Lost Treasures of Egypt

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Lost Treasures of Egypt

When I ask you to imagine Egypt, what comes to mind? Most likely, the first image that pops into your head are the pyramids. Perhaps the Sphinx with its famously broken nose. Ancient Egypt has been a source of inspiration for countless historians throughout the years.

Finding answers is no easy task. The ever-shifting sands of Egypt have buried whole cities underground. Despite the difficulties, however, passionate people have been digging up lost Egyptian treasures since before the birth of Christ.

The first intrepid exporters of ancient ruins were the ancient Egyptians themselves. Thutmose IV spent much of his rule restoring the Sphinx after an inspiring dream he had one night. A hundred years later, Prince Khaemweset (4th son of Ramesses II) cemented his legacy by finding and restoring multiple historic buildings.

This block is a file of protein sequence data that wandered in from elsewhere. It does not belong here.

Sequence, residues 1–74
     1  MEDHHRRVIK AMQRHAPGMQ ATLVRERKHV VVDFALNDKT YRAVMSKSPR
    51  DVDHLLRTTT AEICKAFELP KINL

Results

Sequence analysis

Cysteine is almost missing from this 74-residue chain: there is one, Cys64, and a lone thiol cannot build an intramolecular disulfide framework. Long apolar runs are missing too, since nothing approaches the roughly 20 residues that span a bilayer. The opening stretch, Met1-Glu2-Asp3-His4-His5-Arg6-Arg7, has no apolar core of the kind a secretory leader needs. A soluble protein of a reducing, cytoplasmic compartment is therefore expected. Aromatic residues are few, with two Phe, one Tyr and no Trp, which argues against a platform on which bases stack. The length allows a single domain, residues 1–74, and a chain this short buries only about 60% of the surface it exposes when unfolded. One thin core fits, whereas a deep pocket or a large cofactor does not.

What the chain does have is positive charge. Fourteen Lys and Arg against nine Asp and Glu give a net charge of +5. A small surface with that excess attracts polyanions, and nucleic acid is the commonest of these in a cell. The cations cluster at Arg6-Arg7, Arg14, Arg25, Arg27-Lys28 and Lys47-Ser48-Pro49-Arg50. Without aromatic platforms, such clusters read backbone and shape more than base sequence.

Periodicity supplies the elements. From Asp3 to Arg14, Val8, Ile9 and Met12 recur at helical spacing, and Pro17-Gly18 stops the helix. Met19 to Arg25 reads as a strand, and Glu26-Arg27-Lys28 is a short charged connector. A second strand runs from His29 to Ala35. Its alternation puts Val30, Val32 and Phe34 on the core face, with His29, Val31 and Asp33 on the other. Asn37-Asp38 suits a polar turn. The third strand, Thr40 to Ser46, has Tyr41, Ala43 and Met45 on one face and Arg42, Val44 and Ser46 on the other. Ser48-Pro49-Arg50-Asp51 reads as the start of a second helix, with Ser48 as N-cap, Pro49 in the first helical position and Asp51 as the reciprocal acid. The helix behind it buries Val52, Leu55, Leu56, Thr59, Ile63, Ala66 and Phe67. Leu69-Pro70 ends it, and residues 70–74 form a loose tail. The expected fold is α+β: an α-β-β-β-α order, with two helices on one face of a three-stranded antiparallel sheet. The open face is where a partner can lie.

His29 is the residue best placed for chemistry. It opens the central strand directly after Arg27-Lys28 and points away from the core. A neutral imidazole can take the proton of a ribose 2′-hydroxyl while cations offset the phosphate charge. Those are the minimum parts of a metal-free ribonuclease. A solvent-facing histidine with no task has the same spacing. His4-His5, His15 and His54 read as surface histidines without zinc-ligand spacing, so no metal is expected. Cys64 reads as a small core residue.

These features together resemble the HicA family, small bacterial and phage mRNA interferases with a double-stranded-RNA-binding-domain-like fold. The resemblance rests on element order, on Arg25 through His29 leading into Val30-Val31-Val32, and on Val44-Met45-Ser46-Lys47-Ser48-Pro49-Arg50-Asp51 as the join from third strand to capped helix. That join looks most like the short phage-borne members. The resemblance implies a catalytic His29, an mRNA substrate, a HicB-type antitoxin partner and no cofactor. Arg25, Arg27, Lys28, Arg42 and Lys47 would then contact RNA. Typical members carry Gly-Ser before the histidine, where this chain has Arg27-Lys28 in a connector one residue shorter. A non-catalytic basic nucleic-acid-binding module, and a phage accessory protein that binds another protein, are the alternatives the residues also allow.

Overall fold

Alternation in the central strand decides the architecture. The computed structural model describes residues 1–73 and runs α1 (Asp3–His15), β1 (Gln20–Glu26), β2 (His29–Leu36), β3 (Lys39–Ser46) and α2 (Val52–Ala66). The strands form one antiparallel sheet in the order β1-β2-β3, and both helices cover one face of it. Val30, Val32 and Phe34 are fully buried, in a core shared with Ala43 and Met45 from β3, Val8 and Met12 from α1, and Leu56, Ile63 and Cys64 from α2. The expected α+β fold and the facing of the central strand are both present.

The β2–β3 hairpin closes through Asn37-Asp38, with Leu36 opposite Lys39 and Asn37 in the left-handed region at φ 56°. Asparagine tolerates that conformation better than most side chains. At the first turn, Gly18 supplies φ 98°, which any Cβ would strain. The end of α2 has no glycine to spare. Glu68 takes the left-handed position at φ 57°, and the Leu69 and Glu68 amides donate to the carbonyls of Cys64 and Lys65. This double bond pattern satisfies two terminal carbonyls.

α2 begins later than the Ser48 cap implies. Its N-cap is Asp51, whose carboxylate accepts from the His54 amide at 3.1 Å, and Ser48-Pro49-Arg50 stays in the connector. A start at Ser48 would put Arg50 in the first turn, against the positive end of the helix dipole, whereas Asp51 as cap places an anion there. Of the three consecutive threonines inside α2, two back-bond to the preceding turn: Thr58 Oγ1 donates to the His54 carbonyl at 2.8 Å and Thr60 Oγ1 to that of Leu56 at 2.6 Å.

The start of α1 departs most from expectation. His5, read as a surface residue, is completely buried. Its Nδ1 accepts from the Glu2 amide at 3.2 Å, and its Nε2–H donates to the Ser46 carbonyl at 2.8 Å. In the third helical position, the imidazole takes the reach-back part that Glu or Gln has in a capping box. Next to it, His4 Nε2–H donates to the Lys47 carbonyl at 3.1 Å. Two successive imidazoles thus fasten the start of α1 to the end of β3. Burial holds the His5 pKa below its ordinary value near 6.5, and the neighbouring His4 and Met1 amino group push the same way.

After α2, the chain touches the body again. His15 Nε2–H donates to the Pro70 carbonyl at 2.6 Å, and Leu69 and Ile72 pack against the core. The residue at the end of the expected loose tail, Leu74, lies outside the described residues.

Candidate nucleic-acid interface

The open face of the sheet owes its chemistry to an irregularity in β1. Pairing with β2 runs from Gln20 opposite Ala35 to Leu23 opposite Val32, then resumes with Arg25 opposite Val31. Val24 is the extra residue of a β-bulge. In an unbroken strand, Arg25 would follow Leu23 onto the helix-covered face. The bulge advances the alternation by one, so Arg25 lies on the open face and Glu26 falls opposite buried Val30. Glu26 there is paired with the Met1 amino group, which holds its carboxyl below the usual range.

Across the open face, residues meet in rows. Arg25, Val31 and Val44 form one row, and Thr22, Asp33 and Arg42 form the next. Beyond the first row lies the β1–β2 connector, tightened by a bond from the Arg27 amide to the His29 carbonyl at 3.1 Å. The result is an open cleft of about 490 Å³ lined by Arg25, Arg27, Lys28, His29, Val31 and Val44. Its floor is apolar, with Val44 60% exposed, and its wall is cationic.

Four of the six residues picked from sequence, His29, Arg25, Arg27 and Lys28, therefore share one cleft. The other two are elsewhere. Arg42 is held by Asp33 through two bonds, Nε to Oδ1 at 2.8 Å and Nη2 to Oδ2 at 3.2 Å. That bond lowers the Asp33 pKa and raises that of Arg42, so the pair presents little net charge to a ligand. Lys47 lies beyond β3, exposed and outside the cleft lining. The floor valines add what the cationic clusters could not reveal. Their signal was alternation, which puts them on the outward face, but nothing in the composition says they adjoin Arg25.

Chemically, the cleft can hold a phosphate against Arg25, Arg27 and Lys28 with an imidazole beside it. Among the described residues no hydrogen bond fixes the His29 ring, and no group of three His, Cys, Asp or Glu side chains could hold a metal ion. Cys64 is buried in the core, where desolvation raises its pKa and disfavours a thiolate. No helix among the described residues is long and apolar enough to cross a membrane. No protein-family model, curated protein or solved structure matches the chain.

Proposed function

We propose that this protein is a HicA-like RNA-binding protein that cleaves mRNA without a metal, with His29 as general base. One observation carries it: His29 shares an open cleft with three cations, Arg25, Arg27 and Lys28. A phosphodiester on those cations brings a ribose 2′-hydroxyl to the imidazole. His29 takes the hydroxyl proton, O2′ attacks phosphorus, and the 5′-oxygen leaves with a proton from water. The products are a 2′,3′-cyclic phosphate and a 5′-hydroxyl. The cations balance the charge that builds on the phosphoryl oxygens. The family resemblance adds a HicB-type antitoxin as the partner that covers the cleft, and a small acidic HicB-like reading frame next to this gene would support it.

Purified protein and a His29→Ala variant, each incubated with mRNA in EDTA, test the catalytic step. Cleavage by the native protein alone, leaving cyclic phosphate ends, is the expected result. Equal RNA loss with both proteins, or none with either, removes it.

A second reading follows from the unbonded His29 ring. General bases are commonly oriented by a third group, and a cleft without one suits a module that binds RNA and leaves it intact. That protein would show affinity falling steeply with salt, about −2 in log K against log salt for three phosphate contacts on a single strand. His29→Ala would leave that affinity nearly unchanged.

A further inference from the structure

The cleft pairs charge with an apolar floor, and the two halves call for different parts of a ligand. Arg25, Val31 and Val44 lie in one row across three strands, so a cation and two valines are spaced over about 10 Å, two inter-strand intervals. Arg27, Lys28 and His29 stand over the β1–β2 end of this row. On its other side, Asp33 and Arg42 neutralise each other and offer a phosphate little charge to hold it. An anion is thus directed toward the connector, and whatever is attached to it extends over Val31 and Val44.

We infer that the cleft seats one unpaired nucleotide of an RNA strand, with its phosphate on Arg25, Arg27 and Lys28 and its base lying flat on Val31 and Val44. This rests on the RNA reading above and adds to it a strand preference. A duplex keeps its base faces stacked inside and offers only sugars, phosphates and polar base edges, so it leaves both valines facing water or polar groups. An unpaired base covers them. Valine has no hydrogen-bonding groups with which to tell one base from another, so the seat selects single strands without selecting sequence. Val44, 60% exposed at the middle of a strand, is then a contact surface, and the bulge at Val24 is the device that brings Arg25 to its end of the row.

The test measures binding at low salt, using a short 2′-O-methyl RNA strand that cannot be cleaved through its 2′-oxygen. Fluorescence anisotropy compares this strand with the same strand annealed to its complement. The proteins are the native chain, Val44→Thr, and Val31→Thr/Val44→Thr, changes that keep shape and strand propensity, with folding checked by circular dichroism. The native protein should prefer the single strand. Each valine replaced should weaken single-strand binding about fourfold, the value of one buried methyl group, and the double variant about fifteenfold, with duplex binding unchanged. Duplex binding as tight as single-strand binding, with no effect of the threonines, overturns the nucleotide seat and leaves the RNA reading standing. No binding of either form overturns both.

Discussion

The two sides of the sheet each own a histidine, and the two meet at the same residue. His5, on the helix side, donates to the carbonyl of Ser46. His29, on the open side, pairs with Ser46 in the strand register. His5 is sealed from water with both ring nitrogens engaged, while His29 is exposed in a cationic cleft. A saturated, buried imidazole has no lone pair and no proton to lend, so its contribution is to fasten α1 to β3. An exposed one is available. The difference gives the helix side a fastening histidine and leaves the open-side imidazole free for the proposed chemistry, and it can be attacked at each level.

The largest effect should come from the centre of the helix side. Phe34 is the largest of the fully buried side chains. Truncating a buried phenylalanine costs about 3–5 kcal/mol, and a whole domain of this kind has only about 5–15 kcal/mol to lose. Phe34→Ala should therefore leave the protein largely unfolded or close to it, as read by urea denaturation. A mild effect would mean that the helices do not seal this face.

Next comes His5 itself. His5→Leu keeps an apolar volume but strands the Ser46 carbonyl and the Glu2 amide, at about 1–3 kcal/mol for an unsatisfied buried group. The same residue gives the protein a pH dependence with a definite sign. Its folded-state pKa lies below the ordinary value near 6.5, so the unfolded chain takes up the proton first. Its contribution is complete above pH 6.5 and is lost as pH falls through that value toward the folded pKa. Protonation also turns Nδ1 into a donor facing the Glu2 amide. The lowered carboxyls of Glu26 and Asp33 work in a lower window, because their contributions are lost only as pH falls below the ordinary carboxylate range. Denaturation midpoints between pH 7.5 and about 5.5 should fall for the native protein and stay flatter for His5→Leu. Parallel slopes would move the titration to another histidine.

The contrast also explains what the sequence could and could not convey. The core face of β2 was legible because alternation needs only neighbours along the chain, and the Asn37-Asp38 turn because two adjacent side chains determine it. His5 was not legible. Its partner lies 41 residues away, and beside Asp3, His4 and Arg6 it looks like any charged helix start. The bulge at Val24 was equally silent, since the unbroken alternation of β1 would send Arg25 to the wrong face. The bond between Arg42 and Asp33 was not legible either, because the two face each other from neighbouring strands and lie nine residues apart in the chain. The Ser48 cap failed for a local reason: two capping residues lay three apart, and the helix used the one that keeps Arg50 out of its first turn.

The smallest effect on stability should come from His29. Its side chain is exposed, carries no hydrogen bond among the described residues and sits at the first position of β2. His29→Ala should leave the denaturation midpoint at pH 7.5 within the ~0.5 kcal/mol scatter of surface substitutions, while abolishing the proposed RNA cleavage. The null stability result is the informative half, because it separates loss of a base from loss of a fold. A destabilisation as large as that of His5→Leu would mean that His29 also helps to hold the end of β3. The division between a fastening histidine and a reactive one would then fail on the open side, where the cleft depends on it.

A thousand years later, the ancient Greeks made a study of ancient Egyptians. The last dynasty of Egypt, the Ptolemies, did lots of restoration work during their 275-year reign. The Romans took over this duty when they took over the region.

The passion for Egyptian history waxed and waned through the centuries. Our modern fascination reignited when Howard Carter found Tutankhamun’s (nearly intact) tomb in 1922, garnering worldwide press coverage and inspiring generations of Egyptologists to join the search. Today, discoveries happen very rapidly, thanks to the Egyptian government pushing for new finds to increase tourism.

Since 2017 we have discovered a 3,000-year-old statue of Pharaoh Ramses II; 2,000-year-old sarcophagi and multiple tombs; the bust of the legendary Roman Emperor and philosopher Marcus Aurelius, and many more. Join them in the search for the lost treasures of Egypt.

Fridays at 7 PM on National Geographic (ch 220) from Friday, 12 March

Author: Jan Hendrik Harmse